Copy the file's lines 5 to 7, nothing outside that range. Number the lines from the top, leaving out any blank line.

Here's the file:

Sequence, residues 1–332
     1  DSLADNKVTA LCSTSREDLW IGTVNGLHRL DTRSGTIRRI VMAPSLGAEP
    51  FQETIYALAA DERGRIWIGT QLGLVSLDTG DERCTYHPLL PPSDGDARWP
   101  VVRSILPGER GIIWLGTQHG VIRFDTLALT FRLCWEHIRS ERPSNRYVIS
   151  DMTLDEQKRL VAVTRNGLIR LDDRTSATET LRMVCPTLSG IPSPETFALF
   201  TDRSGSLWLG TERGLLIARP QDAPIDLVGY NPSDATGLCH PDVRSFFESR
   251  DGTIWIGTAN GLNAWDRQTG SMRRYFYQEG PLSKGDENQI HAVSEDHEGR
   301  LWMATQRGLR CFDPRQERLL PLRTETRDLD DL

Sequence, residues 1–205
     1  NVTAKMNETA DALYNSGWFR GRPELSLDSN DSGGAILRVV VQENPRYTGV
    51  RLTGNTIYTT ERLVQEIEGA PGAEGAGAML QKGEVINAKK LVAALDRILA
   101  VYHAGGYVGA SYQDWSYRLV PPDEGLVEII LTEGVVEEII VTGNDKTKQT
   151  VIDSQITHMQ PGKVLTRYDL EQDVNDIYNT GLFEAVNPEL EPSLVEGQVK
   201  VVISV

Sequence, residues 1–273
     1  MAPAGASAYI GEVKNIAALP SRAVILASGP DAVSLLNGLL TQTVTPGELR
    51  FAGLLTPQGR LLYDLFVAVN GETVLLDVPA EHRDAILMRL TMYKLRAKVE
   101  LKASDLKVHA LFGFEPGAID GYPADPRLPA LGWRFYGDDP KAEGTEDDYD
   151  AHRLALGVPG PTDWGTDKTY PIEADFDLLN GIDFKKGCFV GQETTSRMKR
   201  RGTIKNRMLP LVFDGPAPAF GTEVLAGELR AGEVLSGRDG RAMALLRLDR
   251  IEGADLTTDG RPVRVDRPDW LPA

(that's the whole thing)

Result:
   151  DMTLDEQKRL VAVTRNGLIR LDDRTSATET LRMVCPTLSG IPSPETFALF
   201  TDRSGSLWLG TERGLLIARP QDAPIDLVGY NPSDATGLCH PDVRSFFESR
   251  DGTIWIGTAN GLNAWDRQTG SMRRYFYQEG PLSKGDENQI HAVSEDHEGR